BEG logoSponsored by Schlumberger

Discover the natural wonders of Earth
on radio nationwide

Earth’s Ocean Conveyor

episode number
Earth’s Ocean Conveyor
Blue arrows indicate the path of deep, cold, dense water currents. Red arrows indicate the path of warmer, less dense surface waters. It can take an estimated 1,000 years for a "parcel" of water to complete the journey along the global ocean-current conveyor belt.
Credit: NOAA

In 1769, Ben Franklin was the first to map the Gulf Stream. It’s Earth’s most famous current, moving more water than the Amazon River.

But the Gulf Stream is just one part of the global ocean conveyor, a system of currents that connects the world’s oceans.

In tropical seas, wind and tides drive warm surface currents, like the Gulf Stream.

Near the poles, cold air, evaporation, and ice formation make the seawater colder and saltier. It sinks to the bottom, and warm tropical water is pulled up to take its place.

In this way, the global ocean conveyor carries tropical heat toward the poles. And carries nutrient- and carbon-rich water from the poles to the tropics, where it feeds phytoplankton, the base of the world’s food web.

The conveyor’s stability over more than 10,000 years has helped regulate climate, weather, and fish populations, contributing to the rise of human civilization.

But since 1850, before the Industrial Age, the Gulf Stream has shown signs of slowing. It’s at its weakest in 1,000 years.

In 2009 and ’10, it moved a third less warm water than usual, causing colder winters in the Eastern U.S. and Europe.

Melting ice in the Arctic has been releasing freshwater onto the ocean surface, disrupting the flow of the cold, salty waters that drive the North Atlantic part of the ocean conveyor.

In this way, paradoxically, a warming climate can bring colder winters in the north.

Background: Earth’s Ocean Conveyor

Global ocean-current conveyor belt
Global ocean-current conveyor belt on a continuous-ocean map.  Credit: Avsa (CC BY-SA 3.0 [] or GFDL []), via Wikimedia Commons

Synopsis: Ocean currents swirl from the surface to the depths of the “World Ocean” (the interconnected systems of Earth’s oceanic waters), impacting shipping and weather systems as well as mixing essential surface nutrients and oxygen into the deep waters to support marine life. The stability of this oceanic circulation has mediated our climate for millennia but recently has been weakening.

  • Global ribbons of surface and deep ocean currents dive and rise in the waters making up the World Ocean, in a process known as the global ocean conveyor belt.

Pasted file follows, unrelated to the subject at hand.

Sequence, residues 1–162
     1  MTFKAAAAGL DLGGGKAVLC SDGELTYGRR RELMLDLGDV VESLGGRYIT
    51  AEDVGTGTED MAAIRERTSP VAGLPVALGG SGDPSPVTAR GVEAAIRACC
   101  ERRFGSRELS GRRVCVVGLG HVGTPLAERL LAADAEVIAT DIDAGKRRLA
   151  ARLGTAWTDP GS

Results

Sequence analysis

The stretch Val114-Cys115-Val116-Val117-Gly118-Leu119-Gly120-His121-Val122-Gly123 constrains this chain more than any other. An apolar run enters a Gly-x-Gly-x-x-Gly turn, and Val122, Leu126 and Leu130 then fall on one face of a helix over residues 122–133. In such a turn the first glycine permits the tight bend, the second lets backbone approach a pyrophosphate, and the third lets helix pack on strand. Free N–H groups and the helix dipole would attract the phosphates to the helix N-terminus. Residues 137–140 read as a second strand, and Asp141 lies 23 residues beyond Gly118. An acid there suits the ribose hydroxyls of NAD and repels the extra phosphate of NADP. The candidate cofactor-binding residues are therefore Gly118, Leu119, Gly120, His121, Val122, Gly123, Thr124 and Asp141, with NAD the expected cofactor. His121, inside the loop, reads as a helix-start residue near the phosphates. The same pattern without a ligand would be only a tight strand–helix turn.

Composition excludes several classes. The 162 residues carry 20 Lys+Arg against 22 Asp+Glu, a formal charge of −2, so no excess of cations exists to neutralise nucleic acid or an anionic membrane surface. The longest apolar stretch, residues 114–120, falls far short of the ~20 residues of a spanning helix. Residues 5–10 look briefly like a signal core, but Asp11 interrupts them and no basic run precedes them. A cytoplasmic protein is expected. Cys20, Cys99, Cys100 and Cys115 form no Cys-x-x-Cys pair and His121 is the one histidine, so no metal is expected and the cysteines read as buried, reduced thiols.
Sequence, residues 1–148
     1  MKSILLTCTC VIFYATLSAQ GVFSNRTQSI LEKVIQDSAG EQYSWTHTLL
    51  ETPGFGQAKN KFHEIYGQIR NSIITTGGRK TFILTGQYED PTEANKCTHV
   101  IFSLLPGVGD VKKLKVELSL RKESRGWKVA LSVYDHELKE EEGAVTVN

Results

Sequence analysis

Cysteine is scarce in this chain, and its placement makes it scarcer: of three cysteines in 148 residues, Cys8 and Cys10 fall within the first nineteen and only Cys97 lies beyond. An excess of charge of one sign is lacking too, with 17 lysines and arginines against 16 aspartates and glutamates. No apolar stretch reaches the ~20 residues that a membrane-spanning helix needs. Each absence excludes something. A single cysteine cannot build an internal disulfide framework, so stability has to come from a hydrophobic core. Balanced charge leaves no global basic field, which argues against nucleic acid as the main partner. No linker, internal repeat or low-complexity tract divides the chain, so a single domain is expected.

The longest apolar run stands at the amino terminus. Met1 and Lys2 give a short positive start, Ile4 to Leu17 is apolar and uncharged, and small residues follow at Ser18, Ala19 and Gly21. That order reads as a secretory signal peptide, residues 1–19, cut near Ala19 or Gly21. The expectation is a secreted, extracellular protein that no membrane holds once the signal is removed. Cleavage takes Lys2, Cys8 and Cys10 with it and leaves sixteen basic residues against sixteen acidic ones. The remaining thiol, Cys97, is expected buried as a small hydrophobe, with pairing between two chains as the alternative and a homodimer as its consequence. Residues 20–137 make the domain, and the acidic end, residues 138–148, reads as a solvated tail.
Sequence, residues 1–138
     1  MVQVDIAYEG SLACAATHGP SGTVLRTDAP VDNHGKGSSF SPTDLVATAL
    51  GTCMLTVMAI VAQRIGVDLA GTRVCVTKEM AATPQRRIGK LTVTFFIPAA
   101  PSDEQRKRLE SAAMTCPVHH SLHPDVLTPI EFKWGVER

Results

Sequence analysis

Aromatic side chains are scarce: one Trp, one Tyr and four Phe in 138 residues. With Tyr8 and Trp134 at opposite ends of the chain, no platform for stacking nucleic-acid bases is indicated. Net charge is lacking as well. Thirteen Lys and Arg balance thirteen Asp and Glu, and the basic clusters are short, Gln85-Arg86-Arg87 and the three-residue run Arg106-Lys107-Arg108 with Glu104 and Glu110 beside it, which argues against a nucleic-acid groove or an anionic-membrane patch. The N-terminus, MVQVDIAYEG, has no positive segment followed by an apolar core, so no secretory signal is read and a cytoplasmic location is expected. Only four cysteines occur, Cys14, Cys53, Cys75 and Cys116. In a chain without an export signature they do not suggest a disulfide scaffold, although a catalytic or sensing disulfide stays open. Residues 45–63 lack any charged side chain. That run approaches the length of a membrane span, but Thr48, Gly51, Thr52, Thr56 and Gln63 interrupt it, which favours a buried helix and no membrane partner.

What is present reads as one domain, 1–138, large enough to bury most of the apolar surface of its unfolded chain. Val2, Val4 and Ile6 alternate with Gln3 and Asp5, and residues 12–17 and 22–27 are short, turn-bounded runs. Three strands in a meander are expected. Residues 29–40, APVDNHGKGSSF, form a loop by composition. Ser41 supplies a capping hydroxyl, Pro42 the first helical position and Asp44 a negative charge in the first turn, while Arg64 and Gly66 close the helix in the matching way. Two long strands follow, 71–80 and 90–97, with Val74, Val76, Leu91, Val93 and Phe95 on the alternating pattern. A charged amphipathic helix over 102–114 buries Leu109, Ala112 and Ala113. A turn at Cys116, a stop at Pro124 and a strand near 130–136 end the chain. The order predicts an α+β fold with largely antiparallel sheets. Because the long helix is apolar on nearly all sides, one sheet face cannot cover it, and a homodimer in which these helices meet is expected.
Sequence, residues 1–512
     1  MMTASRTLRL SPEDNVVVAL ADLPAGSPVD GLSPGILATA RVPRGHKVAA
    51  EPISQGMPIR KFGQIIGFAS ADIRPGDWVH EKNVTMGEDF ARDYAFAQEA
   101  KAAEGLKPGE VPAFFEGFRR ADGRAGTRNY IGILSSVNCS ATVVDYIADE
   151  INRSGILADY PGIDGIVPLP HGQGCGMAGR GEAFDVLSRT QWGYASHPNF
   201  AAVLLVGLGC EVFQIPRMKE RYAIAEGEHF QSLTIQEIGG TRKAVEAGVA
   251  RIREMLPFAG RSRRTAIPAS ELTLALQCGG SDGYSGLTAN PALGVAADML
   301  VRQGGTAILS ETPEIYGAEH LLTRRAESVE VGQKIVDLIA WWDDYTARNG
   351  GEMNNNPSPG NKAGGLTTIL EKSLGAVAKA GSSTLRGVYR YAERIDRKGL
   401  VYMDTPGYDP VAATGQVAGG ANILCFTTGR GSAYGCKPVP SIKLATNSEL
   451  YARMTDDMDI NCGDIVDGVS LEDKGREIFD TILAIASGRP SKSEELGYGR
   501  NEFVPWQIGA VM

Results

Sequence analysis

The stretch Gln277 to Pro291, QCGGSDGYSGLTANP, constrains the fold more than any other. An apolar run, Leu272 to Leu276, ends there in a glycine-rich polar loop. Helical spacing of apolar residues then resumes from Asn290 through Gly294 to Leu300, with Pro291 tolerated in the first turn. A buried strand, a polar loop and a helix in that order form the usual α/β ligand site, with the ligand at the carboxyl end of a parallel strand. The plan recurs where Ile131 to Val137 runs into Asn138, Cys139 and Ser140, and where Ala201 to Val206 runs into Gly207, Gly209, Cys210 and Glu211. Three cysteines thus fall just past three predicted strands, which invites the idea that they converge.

• This network of currents connects Earth’s five distinctive oceans: the Arctic (smallest, shallowest, and perhaps coldest), Atlantic (saltiest), Pacific (largest), Indian (warmest), and Southern (deepest and perhaps coldest).
    • Because large parts of these currents run from pole to pole, similar to meridians (lines of longitude), this global ocean conveyor belt is also known in scientific circles as meridional overturning circulation (MOC).
  • Ocean currents are “streams” of seawater that move continuously in a particular direction within the ocean. These currents impact heat and nutrient distribution, weather, and shipping.
  • Surface ocean currents are driven by wind and tides in about the upper 100 m (328 ft) of seawater. One of the most famous surface currents in the global ocean conveyor belt is the Gulf Stream.
    • The Gulf Stream is a wind-driven current that may run as far as a mile below the sea surface, funneling warm water northward along the east coast of North America toward Europe.
    • The Gulf Stream is up to 150 miles (240 km) wide and moves more water than the Amazon River—up to 26 billion gallons of water a second—at speeds of about 5.6 mph (2.5 m/s).
    • In 1769, Ben Franklin published the first map of the Gulf Stream for mariners.
  • Deep ocean currents move hundreds of times slower than surface currents: just fractions of inches per second. Deep currents are driven by density differences, which depend on the water’s temperature and salinity, known as thermohaline circulation.
  • Cold water is denser than warm water, so cold water sinks below warm water masses (thermo-).
  • Saltwater is denser than freshwater, so freshwater floats above saltier bodies of water (-haline).
  • When water masses sink or rise, an equal volume of water must move into the void to offset the change.
  • Processes in the North Atlantic play a major role in driving the global ocean conveyor belt.
    • Warm, salty waters of the Gulf Stream flow into the Labrador and Nordic Seas, releasing heat that warms Western Europe; for instance, London, with its temperature range of 40–75oF, is actually farther north than snowy Calgary, Canada, which has an annual temperature range of 8–75oF.
    • Icy winds and low ambient temperatures in the Arctic Ocean drive evaporative cooling and freezing, both of which increase salinity by removing water molecules from seawater, leaving the salt behind.